Savings in danger, the risk of default in the Eurozone rises
The Central Bank of Europe issues the public debt alarm in a report from the Financial Stability Review. A document which is published every six months by the ECB. The report says that: “The increase in public debt levels could trigger a re-evaluation of sovereign risks by market participants “. This very dangerous factor could “Reignite the pressure on the most vulnerable government bonds”.
The document does not mention names but it is clear that the references are to Greece and Italy, the weak links at the moment among all the countries of the Eurozone. Spain is not considered a weak link by the markets. This is demonstrated by the spread between the ten-year government bonds of Madrid and those of Frankfurt. The differential is around 120 points, half of our spread, which until a few days ago traveled to 240 points
The pandemic is likely to exacerbate pre-existing debt problems
With savings in danger, the risk of default in the Eurozone rises. What the ECB writes black and white is exactly what the market thinks. And the consequence is the expansion of the BTP-Bund yield differential. In fact, the spread for weeks remained above the 200 basis points threshold, despite the massive purchases of the European Central Bank.
It is clear that the market is pricing Italy with a high risk of debt sustainability. Because the problems brought about by the pandemic have added to previous debt problems. The same ECB says it always in the document when it writes that the consequences of the pandemic on the economy “It has brought to light and exacerbated the already existing vulnerabilities for the eurozone’s financial stability.” The reference to Italy is clear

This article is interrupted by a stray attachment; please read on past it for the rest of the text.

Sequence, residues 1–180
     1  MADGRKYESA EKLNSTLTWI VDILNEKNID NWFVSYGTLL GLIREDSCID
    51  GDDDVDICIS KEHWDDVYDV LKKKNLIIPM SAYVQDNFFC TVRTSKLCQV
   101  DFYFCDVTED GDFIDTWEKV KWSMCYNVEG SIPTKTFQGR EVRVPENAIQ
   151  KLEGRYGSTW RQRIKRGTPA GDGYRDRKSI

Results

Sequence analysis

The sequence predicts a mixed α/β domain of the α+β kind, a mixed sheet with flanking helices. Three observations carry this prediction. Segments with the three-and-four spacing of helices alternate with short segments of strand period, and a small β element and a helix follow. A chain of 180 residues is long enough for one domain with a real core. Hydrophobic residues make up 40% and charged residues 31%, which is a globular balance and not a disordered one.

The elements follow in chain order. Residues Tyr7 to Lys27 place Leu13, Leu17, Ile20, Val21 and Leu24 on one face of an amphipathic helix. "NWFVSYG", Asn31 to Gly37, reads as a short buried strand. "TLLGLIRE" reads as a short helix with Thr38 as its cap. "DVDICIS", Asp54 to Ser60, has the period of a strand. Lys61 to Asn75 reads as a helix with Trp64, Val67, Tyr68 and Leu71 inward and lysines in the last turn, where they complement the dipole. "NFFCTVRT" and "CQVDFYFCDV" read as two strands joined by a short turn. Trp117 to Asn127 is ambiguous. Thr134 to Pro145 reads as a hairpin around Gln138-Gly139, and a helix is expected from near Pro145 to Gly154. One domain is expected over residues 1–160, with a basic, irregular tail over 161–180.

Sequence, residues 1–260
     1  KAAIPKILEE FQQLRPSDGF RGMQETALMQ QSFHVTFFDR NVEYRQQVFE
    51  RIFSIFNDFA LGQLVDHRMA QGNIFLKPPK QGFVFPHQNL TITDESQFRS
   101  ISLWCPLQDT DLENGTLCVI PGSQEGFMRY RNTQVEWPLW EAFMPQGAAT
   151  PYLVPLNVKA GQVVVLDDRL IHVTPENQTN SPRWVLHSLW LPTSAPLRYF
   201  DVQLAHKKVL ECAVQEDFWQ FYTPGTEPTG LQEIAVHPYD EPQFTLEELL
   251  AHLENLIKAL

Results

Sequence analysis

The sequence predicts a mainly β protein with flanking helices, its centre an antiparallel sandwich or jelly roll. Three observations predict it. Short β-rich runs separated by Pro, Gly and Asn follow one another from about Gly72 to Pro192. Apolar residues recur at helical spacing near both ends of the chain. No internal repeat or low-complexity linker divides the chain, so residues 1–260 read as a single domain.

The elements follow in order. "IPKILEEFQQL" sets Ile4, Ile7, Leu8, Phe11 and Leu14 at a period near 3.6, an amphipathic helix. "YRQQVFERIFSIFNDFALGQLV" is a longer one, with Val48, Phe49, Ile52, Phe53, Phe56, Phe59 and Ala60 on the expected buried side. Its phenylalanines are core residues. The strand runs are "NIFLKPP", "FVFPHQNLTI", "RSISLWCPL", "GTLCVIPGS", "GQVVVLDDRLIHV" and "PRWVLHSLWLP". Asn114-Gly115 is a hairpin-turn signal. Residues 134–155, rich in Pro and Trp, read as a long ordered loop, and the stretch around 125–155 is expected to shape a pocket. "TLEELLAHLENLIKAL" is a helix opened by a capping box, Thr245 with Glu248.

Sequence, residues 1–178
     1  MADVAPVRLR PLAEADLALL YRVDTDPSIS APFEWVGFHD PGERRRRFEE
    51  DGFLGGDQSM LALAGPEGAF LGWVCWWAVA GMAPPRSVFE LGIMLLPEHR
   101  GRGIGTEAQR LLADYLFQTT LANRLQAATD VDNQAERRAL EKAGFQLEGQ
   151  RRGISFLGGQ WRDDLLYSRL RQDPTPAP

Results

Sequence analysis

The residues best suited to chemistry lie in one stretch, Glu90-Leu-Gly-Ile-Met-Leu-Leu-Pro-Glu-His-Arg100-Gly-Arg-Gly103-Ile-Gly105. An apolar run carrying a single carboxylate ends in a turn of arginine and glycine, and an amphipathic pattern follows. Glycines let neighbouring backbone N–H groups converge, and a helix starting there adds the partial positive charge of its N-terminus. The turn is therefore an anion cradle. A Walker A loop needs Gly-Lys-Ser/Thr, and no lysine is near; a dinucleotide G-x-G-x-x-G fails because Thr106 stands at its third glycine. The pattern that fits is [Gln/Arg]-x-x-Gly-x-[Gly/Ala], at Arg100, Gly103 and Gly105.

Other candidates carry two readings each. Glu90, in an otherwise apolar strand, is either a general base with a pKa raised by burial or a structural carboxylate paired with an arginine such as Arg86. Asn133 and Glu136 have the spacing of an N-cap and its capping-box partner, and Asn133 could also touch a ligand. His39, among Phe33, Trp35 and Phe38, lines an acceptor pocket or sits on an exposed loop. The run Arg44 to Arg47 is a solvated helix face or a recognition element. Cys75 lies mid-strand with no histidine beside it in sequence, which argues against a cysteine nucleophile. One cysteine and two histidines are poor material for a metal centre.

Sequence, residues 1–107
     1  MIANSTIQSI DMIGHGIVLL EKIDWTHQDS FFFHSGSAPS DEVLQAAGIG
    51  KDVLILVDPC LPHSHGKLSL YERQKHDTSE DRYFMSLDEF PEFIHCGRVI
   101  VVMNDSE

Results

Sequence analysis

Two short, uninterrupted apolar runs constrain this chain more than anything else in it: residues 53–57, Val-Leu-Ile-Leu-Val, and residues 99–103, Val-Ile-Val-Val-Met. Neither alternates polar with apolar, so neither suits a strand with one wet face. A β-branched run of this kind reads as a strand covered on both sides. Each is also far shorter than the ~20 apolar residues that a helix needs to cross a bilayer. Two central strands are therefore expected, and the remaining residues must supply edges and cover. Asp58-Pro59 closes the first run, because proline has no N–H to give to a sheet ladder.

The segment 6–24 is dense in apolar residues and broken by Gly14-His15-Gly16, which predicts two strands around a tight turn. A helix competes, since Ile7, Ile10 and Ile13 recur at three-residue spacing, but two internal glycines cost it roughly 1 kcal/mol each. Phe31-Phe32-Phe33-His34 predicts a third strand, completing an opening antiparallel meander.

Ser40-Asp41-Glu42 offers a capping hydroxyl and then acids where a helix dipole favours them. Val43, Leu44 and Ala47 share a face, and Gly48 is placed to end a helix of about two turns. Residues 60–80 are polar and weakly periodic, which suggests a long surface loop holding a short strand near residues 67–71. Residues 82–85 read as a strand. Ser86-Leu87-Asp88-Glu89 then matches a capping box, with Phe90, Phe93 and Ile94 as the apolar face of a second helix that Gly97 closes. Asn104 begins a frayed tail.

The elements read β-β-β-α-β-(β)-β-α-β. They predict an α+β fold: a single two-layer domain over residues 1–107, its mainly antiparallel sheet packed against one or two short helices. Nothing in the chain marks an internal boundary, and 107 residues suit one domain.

Banks are the first to suffer, putting savings at risk
But the ECB is also worried about banks. And part of the report is dedicated to the analysis of the banking sector. For the ECB, the problem of “Poor profitability of banks”. And to mitigate this problem, the document highlights what the ECB has suggested. Or “He advised banks to temporarily suspend dividend payments and buybacks, strengthening their ability to absorb losses.”
In essence, the European Central Bank has clear that the recession brought by the pandemic will have a brutal impact on all economies. But the worst effects will be on those with already high public debt before the outbreak. With the risk that the rise in debt may become unsustainable, leading to a probable default, with serious difficulties also for the banking system. Default that would inevitably lead to the loss of savings of many private investors.
It is enough to see what is happening to Argentina today and what has happened since the Buenos Aires default from 2001 onwards